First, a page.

How to stay as private as possible on Apple's iPad and iPhone

Credit to Author: Jonny Evans| Date: Fri, 08 Feb 2019 09:39:00 -0800

Apple believes in your right to privacy. Here is some advice on how to use the tools it has given you to protect your privacy on an iOS device.

Use a better passcode

You probably already use a 4-digit passcode, but you can improve that with a 6-digit or alphanumeric code.

You change this in Settings>Touch ID/Face ID & Passcode, select Change Passcode and then tap the small Passcode Options dialog. Alphanumeric codes are harder to decipher, just make sure you remember the code.

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Why Apple is disabling Safari’s Do Not Track feature

Credit to Author: Jonny Evans| Date: Thu, 07 Feb 2019 03:34:00 -0800

Apple takes privacy very seriously. It takes its leadership in that care seriously, and getting rid of the voluntary ‘Do Not Track’ setting in its Safari browser is the right decision.

Why disabling Safari’s Do Not Track feature is the right thing to do

Apple introduced support for Do Not Track (DNT) in iOS 7, but removed the feature in Safari 12.1.

The problem with DNT is that the signal it sends to websites, analytics firms, plug-in makers and ad networks is a voluntary request, and can be ignored.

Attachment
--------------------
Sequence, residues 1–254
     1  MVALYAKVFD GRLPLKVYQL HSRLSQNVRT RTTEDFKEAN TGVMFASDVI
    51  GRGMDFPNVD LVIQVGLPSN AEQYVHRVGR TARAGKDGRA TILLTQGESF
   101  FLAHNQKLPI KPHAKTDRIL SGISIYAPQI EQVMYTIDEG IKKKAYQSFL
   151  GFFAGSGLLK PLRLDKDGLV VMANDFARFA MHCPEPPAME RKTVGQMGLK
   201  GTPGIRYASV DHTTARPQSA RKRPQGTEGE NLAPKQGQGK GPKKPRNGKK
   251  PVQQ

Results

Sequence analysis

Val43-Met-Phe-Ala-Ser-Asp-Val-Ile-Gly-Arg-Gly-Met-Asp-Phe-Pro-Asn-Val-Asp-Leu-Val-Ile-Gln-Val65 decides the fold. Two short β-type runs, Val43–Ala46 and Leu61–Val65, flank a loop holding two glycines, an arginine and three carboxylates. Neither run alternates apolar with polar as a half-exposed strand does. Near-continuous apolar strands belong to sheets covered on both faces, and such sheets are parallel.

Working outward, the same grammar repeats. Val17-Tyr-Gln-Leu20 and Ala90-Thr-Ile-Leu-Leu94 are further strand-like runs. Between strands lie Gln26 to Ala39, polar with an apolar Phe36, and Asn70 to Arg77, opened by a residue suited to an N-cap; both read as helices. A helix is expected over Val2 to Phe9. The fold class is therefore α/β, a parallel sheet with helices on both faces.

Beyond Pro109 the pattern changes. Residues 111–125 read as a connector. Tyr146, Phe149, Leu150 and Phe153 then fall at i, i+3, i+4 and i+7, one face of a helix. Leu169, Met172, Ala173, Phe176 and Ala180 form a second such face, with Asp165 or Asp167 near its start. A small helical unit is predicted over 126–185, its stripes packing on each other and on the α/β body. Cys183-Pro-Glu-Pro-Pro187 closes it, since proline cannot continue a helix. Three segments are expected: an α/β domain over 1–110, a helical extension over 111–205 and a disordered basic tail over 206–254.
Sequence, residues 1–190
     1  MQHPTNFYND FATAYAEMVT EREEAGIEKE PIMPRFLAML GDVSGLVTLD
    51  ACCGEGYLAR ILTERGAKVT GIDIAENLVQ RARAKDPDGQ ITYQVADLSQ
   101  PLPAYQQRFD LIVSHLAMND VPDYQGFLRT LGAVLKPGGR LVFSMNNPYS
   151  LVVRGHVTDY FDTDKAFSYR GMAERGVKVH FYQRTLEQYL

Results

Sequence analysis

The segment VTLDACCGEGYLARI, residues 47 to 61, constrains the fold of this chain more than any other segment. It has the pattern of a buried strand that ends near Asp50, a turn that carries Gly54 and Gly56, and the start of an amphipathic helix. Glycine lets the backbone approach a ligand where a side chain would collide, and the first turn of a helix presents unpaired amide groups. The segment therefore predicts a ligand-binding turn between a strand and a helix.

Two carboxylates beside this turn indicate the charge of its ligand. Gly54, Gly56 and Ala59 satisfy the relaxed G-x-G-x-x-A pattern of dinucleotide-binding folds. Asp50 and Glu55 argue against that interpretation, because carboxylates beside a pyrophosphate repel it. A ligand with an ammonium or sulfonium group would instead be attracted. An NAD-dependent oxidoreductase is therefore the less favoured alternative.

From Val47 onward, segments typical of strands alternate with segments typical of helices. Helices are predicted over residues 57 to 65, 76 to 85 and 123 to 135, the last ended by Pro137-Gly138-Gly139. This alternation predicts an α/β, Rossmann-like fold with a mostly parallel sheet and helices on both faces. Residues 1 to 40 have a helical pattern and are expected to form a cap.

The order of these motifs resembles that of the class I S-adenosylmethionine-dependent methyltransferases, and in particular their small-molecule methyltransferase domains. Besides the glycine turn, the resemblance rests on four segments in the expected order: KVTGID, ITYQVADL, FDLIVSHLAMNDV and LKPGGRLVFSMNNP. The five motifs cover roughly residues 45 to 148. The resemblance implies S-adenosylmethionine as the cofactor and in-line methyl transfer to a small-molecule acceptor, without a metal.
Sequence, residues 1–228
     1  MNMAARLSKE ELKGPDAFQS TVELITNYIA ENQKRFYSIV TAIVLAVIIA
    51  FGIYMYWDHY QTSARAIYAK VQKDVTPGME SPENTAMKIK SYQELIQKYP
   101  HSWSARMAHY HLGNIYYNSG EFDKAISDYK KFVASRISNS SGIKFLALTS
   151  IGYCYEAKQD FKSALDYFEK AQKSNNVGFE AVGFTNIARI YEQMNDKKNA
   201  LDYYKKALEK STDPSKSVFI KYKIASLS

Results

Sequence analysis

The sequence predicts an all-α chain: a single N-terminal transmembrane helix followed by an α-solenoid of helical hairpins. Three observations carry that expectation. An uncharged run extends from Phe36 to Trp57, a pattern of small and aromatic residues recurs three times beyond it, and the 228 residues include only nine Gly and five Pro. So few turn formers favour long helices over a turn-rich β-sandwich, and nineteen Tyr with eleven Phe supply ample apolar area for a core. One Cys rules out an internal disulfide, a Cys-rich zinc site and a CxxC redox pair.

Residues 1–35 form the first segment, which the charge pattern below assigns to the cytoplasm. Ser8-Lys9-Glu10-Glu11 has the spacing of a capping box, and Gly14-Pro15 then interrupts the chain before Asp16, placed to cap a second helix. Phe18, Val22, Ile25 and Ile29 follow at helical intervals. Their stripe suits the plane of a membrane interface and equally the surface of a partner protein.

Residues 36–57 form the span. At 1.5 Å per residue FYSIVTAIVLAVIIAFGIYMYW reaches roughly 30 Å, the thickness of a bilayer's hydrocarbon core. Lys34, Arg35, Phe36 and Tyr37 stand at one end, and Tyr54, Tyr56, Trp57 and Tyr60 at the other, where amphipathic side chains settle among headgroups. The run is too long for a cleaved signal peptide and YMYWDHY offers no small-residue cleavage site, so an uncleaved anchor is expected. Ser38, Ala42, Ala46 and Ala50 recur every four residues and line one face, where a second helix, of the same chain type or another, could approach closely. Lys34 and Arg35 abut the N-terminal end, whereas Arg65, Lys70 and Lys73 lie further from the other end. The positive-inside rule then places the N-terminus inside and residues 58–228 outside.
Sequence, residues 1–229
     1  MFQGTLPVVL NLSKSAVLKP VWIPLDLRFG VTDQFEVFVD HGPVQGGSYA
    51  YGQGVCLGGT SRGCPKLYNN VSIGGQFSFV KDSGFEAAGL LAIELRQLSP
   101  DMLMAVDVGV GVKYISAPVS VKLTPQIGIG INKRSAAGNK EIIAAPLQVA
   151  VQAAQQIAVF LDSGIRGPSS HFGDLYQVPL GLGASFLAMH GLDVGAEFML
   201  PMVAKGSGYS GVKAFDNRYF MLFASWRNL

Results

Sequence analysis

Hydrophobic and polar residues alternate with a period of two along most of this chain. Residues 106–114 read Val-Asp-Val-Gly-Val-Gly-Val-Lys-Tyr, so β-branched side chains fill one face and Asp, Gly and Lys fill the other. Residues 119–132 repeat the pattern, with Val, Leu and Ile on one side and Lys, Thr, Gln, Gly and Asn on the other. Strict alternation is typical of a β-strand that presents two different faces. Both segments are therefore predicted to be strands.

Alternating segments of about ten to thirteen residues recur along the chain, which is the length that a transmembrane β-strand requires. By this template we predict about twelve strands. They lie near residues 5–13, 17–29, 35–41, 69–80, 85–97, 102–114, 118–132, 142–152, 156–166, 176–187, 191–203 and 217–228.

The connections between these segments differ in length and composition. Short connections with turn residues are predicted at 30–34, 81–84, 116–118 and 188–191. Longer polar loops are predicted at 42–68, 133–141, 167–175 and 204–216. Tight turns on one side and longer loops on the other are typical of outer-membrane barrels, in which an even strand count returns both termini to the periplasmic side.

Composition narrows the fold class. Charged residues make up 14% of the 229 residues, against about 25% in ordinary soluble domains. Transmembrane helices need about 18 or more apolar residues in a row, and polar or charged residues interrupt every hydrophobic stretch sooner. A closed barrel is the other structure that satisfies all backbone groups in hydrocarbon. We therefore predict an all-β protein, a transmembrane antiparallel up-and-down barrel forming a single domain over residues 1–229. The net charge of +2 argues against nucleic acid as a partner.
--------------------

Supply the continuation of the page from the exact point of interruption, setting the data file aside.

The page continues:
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Apple publica la primera actualización del año para iOS y macOS ¡Actualiza ya!

Credit to Author: Naked Security| Date: Fri, 25 Jan 2019 12:32:41 +0000

Apple ha publicado las actualizaciones de enero que solucionan la mayoría de las CVE que afectan iOS y macOS con unas pocas que afectan a Safari, watchOS, tvOS e iCloud para Windows. iOS v12.1.3 Esta última versión arregla una lista de CVEs para el iPhone 5 y posteriores, iPad e iPod Touch 6th Generation. Casi [&#8230;]<img src=”http://feeds.feedburner.com/~r/sophos/dgdY/~4/KwaI2t9xcYo” height=”1″ width=”1″ alt=””/>

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Apple’s Group FaceTime: A place for spies?

Credit to Author: Jonny Evans| Date: Tue, 29 Jan 2019 05:30:00 -0800

Apple has disabled Group FaceTime following discovery of a flaw that could potentially let people hear audio from other people’s devices without permission. What’s going on and what can you do about it?

The bug, in brief

9to5Mareport based on a video published to Twitter by @BmManski revealed that this flaw lets a user listen to audio captured using another person’s device before they accept or reject the call requesting a FaceTime chat. The problem only affects iOS devices running iOS 12.1 or later (pending an update).

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How to create and open compressed files on iPhone, iPad

Credit to Author: Jonny Evans| Date: Thu, 10 Jan 2019 07:27:00 -0800

Many enterprises rely on zip files to exchange data, particularly confidential data – compression helps keep information safe, even against inquisitive ads trackers lurking inside “free” email or online storage services. How do you handle these things on iPad or iPhone?

How to handle zip files on iPhone